Wednesday, May 25, 2011

Education Opportunities in Quality (2 new and valuable finds)

I am putting together my thoughts about what’s new in Education opportunities in laboratory quality and I came across a new book “Quality Assurance in the Pathology Laboratory: Forensic, Technical, and Ethical Aspects” edited by MJ Bogusz and published a few months ago by CRC Press.  Let me say at this time that (a) it is an excellent book and (b) I am going to offer an unsolicited critique on Saturday, and (c ) I suspect that it will be a book that we soon will find on most of our bookshelves.  But more on this later.

Thinking only about Canada laboratory education has always been an orphan subject.  Every once in a while, over the last 40 years there would be some discussion on the subject but it was rarely done in anything other than an uninstructed fashion.  Until 2003.

In Canada, the publication of ISO 15189 in 2003 generated a lot of interest, perhaps more as a curiosity, but almost right from the beginning organizations recognized a new niche for educational opportunities.  Organizations such as the Michener Institute in Toronto started to provide educational courses, primarily for folks living in or around Toronto.  We saw opportunity for a broader audience by providing our on-line UBC Certificate Course in Laboratory Quality Management which has become both popular and well received.  Both of these courses were primarily designed to provide basic but key information to provide working laboratorians with the knowledge to take on roles for the newly created positions called Quality Managers.  
That niche has become supplemented with a variety of shorter term on-line webinars from CLSI and American Society for Quality and the Ontario Laboratory Accreditation (OLA) program.  
To date we are not seeing that niche becoming saturated.  there are many folks still seeking that information, now not only within Canada but abroad.  What began as a program focused on technologists has become popular with administrators, laboratory pathologists and laboratory pathology residents.  

But the next dimension has already begun.  We started to receive requests to provide opportunities from more extensive study and opportunities to become engaged in research.  Folks around the world are beginning to recognize that Quality in the laboratory is not just a flavor of the day, but is indeed the new discipline we have been talking about.  And a focus for attention and study and career.  This is very exciting.  Today we are finding a smattering of Masters level programs directly addressing laboratory quality in the US and soon ours in Canada, along with some others that may provide information on Quality as part of a MBA or a Masters in Health Administration or Masters in Public Health or in Leadership.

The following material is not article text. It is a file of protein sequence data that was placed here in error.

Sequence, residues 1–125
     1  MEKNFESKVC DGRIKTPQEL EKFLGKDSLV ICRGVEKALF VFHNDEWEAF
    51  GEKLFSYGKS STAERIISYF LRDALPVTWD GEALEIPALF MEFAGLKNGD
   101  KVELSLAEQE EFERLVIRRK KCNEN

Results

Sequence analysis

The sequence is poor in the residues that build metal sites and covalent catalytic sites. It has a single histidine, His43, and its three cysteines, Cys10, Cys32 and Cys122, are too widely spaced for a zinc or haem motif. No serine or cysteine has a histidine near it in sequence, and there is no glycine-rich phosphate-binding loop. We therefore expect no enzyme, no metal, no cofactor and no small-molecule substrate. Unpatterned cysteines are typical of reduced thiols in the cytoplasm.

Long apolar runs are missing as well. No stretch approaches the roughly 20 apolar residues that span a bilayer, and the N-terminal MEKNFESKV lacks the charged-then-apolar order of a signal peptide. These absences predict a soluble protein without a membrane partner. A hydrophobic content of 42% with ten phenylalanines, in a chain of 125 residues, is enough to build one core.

This week I was introduced to what I think is something that Europeans do so well.. a Masters program in Quality in Laboratory Quality provided by a consortium of SIX universities from Portugal, Spain (2), Norway, Poland, and China (!)  It functions interestingly as a on-site (as opposed to on-line) program with a requirement for study, and research and a thesis.
It seems to cover a broad spectrum of knowledge; indeed on paper it looks almost identical to the subject matter that we are proposing for our program.  From discussion I understand that it has been running for 2-3 years with about 30 students a year, which would put very intensive demands on teaching faculty and research facilities.
As I mentioned, I had not heard anything about this course until a few days ago.  I suspect that I am not alone.

For folks thinking that this might be an interesting focus of study today, I recommend you to check out

For those that are still thinking about it, but not ready to commit just yet,I am looking forward to our program starting in 2012.

More on Quality Assurance in the Pathology Laboratory in a few days   .

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